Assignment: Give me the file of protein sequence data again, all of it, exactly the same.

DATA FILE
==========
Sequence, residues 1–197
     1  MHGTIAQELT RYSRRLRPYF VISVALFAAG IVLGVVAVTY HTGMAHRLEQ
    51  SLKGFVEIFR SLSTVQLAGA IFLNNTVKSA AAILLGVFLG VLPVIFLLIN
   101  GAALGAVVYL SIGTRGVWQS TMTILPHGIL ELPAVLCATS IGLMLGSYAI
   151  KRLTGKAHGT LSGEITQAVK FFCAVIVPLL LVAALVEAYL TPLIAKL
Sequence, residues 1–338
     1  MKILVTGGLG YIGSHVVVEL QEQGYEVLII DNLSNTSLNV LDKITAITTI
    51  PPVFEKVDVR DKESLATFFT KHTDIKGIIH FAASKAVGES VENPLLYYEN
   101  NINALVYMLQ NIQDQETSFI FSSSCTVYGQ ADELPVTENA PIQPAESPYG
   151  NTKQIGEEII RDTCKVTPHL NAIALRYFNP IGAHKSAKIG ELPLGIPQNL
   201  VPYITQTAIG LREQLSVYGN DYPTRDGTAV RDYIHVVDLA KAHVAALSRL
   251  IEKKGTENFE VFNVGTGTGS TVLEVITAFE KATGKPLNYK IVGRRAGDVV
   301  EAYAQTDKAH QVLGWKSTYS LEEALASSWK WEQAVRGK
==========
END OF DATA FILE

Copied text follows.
Sequence, residues 1–197
     1  MHGTIAQELT RYSRRLRPYF VISVALFAAG IVLGVVAVTY HTGMAHRLEQ
    51  SLKGFVEIFR SLSTVQLAGA IFLNNTVKSA AAILLGVFLG VLPVIFLLIN
   101  GAALGAVVYL SIGTRGVWQS TMTILPHGIL ELPAVLCATS IGLMLGSYAI
   151  KRLTGKAHGT LSGEITQAVK FFCAVIVPLL LVAALVEAYL TPLIAKL
Sequence, residues 1–338
     1  MKILVTGGLG YIGSHVVVEL QEQGYEVLII DNLSNTSLNV LDKITAITTI
    51  PPVFEKVDVR DKESLATFFT KHTDIKGIIH FAASKAVGES VENPLLYYEN
   101  NINALVYMLQ NIQDQETSFI FSSSCTVYGQ ADELPVTENA PIQPAESPYG
   151  NTKQIGEEII RDTCKVTPHL NAIALRYFNP IGAHKSAKIG ELPLGIPQNL
   201  VPYITQTAIG LREQLSVYGN DYPTRDGTAV RDYIHVVDLA KAHVAALSRL
   251  IEKKGTENFE VFNVGTGTGS TVLEVITAFE KATGKPLNYK IVGRRAGDVV
   301  EAYAQTDKAH QVLGWKSTYS LEEALASSWK WEQAVRGK